In point of fact, most of the Blue Dog Senators have shown themselves to be in favor of CIR through their past voting records. Only a few of these Senators, such as Nelson and Webb, have voted against CIR in the past. Perhaps it is Durbin who is being conservative, when he says he only has 57 votes at this time. Remember, these Senators don't actually have to vote for CIR to make CIR happen. We need 60 votes for Cloture, which means that the Senate can THEN vote up or down on the CIR legislation. However, without 60 votes for Cloture, the full Senate will not even get a chance to vote on the actual CIR bill. It seems to me that the least that the full Democratic Caucus can do, (which includes the 57 Democrats, 2 Independents, and probably the Democrat-in-limbo, Al Frankin, for a total of 60 votes), would be to at minimum vote for Cloture of the measure, (if for no other reason than to show support for the President), and then allow a full up or down vote on CIR. After all, with these 60 votes, plus a handful of 5 or more Republicans voting for Cloture, we can finally get a fair chance to vote on a complete CIR bill, which will then only need 50 votes, plus a tie-breaker vote by VP Joe Biden to get this urgent legislation passed in the best and "practical" interests of the United States.
I might also add that if the Republicans were indeed smart, (all present indications not withstanding), and at all politically astute, they would do well to immediately start to cozy up to the Latino community in the following two ways. First, they should realize that the Sotomayor Supreme Court confirmation is a done deal, and should therefore praise her and vote for her, instead of further antagonizing the Latino vote by appearing mean spirited and whiny by attacking her. There is nothing to gain by doing that, except rally their ever-shrinking conservative base, to the detriment of gaining inroads to a potential and much needed new breed of Republicans. Second, they should immediately change their tack on CIR. The Republicans would do well to disenthrall themselves of being the party of no, and the party of obstruction, when they can, (in the absence of a clear indication that the Democrats, and specifically President Obama plan to imminently propose new CIR legislation), upstage the Democrats, and propose their own CIR legislation and beat the Democrats to the punch. It wouldn't be unprecedented, since their current standard bearer, John McCain, crafted the last CIR bill in 2007. After all, it is all but certain that the Democrats will eventually propose CIR legislation, most likely in the fall, or next spring. Why should the Republicans allow the Democrats to own this issue, and therefore the Latino vote? Especially when an opportunity exists to steal this issue out from under their opponents noses. There is no mathematical formula for victory going forward that does not include the Latino vote. If the Republicans do not immediately reverse the trend that sees their share of the Latino vote spiraling down the toilet, they are doomed to be the minority party for years, or perhaps decades to come.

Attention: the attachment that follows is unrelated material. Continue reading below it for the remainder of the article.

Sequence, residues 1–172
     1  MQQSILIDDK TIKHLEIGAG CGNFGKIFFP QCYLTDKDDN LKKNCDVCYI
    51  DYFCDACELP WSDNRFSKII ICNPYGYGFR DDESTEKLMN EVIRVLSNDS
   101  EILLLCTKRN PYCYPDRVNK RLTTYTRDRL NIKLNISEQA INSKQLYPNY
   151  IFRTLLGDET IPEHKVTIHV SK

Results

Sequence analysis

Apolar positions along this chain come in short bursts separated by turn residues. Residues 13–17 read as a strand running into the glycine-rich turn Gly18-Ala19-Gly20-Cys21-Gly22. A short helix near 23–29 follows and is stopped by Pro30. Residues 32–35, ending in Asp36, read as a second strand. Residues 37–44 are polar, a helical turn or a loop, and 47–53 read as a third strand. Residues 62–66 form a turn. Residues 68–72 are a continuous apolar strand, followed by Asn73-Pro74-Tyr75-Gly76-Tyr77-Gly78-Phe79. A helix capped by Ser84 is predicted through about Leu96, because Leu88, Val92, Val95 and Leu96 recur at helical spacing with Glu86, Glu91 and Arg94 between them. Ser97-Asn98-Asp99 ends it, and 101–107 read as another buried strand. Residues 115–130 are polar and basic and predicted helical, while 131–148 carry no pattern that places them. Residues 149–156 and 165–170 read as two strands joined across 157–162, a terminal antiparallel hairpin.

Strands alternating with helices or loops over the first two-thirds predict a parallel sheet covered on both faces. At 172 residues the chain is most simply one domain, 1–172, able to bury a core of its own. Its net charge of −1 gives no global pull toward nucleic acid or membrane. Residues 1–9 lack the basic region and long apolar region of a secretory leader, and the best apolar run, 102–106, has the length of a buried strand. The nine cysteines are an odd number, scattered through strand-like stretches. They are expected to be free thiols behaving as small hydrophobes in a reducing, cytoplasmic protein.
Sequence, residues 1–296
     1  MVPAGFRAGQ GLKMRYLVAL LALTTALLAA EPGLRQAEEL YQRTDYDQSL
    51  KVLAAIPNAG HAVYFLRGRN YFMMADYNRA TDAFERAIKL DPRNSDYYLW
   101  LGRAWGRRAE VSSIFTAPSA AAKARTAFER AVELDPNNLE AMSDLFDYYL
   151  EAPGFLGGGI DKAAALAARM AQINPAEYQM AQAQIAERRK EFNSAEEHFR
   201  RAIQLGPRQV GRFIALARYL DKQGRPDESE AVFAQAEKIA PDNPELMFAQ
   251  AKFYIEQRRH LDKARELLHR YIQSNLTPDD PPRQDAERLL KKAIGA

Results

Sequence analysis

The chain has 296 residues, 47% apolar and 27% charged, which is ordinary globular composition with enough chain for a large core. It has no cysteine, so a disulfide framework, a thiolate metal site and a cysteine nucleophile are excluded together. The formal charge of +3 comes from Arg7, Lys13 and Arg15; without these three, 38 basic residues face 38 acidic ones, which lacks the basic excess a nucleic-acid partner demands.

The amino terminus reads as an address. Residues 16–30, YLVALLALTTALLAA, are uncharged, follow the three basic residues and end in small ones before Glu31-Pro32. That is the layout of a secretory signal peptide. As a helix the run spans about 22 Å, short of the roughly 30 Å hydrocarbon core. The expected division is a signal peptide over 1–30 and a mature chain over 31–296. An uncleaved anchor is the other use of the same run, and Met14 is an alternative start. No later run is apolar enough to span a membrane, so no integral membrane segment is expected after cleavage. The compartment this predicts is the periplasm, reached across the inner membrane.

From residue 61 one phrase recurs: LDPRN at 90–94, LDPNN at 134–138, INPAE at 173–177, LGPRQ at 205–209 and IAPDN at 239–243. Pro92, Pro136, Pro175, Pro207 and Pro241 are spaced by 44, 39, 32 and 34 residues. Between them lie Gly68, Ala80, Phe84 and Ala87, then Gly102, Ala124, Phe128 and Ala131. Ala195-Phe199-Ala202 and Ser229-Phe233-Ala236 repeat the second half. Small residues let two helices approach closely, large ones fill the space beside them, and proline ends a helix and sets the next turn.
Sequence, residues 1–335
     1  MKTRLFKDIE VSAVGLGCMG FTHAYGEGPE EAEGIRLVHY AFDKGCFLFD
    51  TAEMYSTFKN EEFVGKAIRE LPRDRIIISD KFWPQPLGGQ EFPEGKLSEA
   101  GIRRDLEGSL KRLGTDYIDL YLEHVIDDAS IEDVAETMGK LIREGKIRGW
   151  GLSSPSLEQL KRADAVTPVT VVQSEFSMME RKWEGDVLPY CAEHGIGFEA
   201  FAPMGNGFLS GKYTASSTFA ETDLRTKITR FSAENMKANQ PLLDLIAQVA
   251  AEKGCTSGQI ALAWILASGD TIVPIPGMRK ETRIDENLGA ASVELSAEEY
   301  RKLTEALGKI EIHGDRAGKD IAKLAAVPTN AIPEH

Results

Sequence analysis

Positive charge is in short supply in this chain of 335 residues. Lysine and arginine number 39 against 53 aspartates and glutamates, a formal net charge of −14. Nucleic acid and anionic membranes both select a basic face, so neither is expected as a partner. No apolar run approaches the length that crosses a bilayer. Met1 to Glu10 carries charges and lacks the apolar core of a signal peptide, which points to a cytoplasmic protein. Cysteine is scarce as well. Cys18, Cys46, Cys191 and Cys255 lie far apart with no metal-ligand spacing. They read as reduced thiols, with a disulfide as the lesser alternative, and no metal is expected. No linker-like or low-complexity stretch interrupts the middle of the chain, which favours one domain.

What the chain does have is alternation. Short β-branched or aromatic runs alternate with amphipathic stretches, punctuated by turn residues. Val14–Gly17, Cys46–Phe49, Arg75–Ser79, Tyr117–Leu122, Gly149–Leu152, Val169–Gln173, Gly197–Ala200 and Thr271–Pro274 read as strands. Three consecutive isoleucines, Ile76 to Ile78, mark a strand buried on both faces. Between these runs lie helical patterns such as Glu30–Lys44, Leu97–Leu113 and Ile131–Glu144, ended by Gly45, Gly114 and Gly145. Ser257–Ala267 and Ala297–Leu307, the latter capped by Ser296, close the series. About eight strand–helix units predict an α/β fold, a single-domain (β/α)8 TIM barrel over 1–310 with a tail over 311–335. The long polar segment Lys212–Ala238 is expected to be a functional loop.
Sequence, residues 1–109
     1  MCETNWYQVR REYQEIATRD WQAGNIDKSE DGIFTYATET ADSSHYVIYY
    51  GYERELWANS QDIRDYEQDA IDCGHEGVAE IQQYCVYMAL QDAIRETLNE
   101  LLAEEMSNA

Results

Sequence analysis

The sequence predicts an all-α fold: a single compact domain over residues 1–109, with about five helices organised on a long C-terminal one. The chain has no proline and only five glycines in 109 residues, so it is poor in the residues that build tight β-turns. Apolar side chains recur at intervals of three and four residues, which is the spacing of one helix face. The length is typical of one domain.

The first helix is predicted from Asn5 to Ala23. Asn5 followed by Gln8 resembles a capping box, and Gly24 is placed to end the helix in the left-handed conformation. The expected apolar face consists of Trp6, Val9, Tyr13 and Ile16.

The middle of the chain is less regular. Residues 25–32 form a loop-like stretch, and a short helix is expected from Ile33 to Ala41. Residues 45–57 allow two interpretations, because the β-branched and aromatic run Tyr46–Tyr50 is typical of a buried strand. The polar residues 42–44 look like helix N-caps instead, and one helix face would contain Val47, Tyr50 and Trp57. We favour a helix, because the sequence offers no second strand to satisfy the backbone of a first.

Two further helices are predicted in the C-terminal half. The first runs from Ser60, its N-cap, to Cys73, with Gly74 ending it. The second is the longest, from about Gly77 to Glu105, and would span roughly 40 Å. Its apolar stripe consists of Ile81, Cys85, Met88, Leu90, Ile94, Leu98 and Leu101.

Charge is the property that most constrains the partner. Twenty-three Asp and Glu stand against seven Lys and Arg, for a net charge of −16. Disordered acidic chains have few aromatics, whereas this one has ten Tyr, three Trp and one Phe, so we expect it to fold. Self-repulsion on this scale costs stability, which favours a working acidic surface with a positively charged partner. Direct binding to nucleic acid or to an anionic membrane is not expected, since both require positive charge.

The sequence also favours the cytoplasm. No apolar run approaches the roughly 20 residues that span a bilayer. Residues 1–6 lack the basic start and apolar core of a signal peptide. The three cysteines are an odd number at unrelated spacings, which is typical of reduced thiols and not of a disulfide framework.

In closing, I would like to paraphrase the aforementioned words of Lincoln, and bring them into the context of our immigration debate. The Restrictionist dogmas of our own unfortunate past are inadequate to our own stormy and broken immigration system's present. As our ideas about repairing our immigration system through modern technology and modern ideals is new, we must think about our laws and policies anew, and act upon them anew. We must disenthrall ourselves of the antiquated notion that pragmatically changing our laws for the better somehow violates the rule of law, and then we shall save the integrity, cohesiveness, and economy of our nation.
Robert Gittelson has been a garment manufacturer in the Los Angeles area for over twenty-five years. His wife, Patricia Gittelson, is an immigration attorney with offices in Van Nuys and Oxnard, California. Robert also works closely with Patricia on the administrative side of her immigration practice. Throughout his career, Mr. Gittelson has developed practical, first-hand experience in dealing with the immigration issues that are challenging our country today.
The opinions expressed in this article do not necessarily reflect the opinion of ILW.COM.